10 February 2010

Fettuccine et le ménage à trois des fromages

Yesterday I was domestic. I put four jars of four-berry jam in the refrigerator, three casseroles in the freezer, two pie crusts aside for later, and a casserole in the oven for dinner. (You can sing that sentence, give or take a few syllables, to the Four Days of Christmas tune.) The recipe is an adaptation of a magazine recipe--possibly from Real Simple, although I need to do better with recipe citations. Anyway, it was magical: three cheeses--Gruyère, Parmesan, and aged Cheddar--all of them sharp and assertive, hidden in a fog of thickest whipping cream. One of my roommates agreed that these are the bites after which you can die content, the bites so rich that they induce comas of pure bliss. Allow me to share the recipe, so that you may be similarly afflicted. (The antidote, by the way, is black coffee. Not with the casserole, of course. You have to wait until you're almost comatose. Then, just before death snatches you, you must take a sip of saving coffee--the beverage my brother once compared to a mental scaffold, the perfect buttress for your almost-collapsed consciousness. No one wants "death by casserole" in her obituary, after all.)

First, preheat the oven to 400 degrees Fahrenheit. Then, prepare 8 ounces of fettuccine or other pasta. Whisk together 1/2 cup
Gruyère, 2 cups whipping cream, 3 tablespoons (or more) Parmesan, and 3 tablespoons (or more) aged Cheddar. Add pasta. Stir until coated. Butter an 11x7-inch glass baking dish to which you then add the pasta mixture. Sprinkle 1 cup (at least) of Gruyère over the top. Bake until the cheese on the top melts and the inner cheeses set. This will take about 20 minutes.

I know you're probably scared. Fear is a part of life. But I can assure you that the path to nirvana lies in an 11x7-inch baking dish filled with cheeses and cream. Now that's a philosophy you can sink your teeth into!
Bon appétit

01 February 2010

Stationery and The Art of Correspondence

They can have the intimacy of a journal entry, but with a particular audience in mind--vocabulary, quotes, anecdotes, all chosen to tickle a particular ear. They can send an "I love you," and all the reasons why, to be opened again and again--words which don't need an occasion to be heard, but which can be secreted away in backpacks to be read on the train, or pulled out in some other lonely moment. They can reach across the universe to extract the truth between two people, in that cathedral where there is only our voices--yours and mine, writing--a cathedral between side-by-side note-passers in class, or between friends across continents. It is a private, precious language, as intimate as a whisper. We pass a metaphor back-and-forth. We work on our masterpiece models of the universe and of the human heart. And no one is embarrassed by extravagant endearments. If we are, contrary to Steinbeck's suggestion, each his or her own island, each with an inner life never entirely communicable, then writing letters is, I believe, the closest we ever come to filling the space between us.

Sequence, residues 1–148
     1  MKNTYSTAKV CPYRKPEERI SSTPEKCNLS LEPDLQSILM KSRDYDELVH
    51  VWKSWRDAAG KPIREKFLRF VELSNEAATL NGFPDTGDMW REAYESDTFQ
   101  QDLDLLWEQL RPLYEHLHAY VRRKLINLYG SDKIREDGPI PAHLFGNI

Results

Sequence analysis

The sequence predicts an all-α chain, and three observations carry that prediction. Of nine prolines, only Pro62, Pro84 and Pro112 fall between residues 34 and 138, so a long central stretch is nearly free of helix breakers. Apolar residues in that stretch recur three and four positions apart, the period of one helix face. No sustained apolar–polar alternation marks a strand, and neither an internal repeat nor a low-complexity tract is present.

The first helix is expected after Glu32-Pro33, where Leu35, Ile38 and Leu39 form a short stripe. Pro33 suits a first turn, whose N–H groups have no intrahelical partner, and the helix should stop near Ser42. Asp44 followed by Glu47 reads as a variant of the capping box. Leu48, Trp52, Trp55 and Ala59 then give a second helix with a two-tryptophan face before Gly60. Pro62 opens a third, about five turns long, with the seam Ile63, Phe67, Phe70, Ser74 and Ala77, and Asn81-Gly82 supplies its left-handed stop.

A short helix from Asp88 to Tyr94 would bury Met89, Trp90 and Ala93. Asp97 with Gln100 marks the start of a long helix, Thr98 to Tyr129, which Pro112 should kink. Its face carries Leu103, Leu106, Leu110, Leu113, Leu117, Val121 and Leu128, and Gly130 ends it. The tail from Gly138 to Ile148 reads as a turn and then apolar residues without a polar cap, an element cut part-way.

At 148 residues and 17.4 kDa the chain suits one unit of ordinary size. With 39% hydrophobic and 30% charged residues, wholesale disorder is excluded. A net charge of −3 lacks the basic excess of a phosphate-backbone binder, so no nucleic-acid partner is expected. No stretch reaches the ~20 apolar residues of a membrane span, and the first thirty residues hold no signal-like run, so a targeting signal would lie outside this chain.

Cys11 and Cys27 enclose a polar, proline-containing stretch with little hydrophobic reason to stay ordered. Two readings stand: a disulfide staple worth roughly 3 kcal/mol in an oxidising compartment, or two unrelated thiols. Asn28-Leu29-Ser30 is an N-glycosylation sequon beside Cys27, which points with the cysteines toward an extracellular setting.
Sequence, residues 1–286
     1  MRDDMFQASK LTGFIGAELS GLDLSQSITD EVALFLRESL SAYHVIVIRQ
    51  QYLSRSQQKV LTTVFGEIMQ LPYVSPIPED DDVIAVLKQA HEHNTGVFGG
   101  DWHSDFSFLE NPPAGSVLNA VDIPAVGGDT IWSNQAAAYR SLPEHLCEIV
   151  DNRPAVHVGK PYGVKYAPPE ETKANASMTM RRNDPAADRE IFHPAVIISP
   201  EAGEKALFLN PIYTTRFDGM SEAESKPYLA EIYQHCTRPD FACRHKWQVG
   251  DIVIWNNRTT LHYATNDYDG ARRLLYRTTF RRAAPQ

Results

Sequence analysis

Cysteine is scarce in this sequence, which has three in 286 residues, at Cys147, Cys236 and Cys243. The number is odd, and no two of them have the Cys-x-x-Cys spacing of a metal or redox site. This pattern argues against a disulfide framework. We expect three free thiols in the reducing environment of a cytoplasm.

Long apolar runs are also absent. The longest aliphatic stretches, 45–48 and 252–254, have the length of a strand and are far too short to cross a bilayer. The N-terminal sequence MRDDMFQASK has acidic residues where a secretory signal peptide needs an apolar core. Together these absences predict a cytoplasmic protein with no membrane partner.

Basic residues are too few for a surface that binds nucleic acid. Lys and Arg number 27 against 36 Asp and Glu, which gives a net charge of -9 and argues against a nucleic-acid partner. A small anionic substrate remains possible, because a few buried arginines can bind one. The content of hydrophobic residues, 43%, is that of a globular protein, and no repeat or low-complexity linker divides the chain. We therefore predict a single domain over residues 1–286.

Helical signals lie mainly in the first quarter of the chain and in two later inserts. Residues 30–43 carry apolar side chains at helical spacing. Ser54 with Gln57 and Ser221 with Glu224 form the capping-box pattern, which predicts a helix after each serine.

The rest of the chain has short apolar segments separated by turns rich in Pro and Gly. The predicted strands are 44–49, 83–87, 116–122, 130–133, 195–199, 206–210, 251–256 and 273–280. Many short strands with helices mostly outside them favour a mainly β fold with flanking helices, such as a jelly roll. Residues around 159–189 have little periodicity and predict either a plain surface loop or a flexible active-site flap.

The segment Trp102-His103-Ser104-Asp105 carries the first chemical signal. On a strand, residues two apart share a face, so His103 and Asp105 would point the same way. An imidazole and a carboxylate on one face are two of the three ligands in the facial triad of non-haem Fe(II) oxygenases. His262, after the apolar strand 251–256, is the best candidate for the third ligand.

Listen to your deepest voice.  That is the voice which must speak, unrestrained, on paper. Describe the lady at the post-office. Describe the ways in which you feel masculine and the ways in which you feel feminine. What are you afraid of and why? What would you do if you could do anything and why? Think of a person that you love, think of the details of that person, and then express your love for that person in terms of their details.

To get you started, I recommend Nick Bantock's Griffin & Sabine books. It is the fictional correspondence of two lovers across time and space. Not only is their correspondence interesting and intimate, but it features original postcard paintings by the author, and envelope flaps with pull-out letters. (Please note that these books are not meant for children.)

As far as stationery is concerned, I like nothing so well as Kartos Florentia stationery, which I initially discovered at Papyrus (one of the best national stationers around), and which I have more recently found at Barnes & Noble. I certainly get caught up in the romance of material and method. I occasionally use a quill pen and ink pot, which is fun, although messy. And sometimes I seal my envelopes with a plop of wax and an ornate "A" too.

But these accoutrements, although fun, are not essential. The important thing is that you write. Most likely, you will be famous someday and someone will want to publish your correspondence. But even if there is no enterprising and favorable editor, there is probably a backpack somewhere which would be much improved by the addition of your letter. And there are many cathedrals which await your unique embellishment.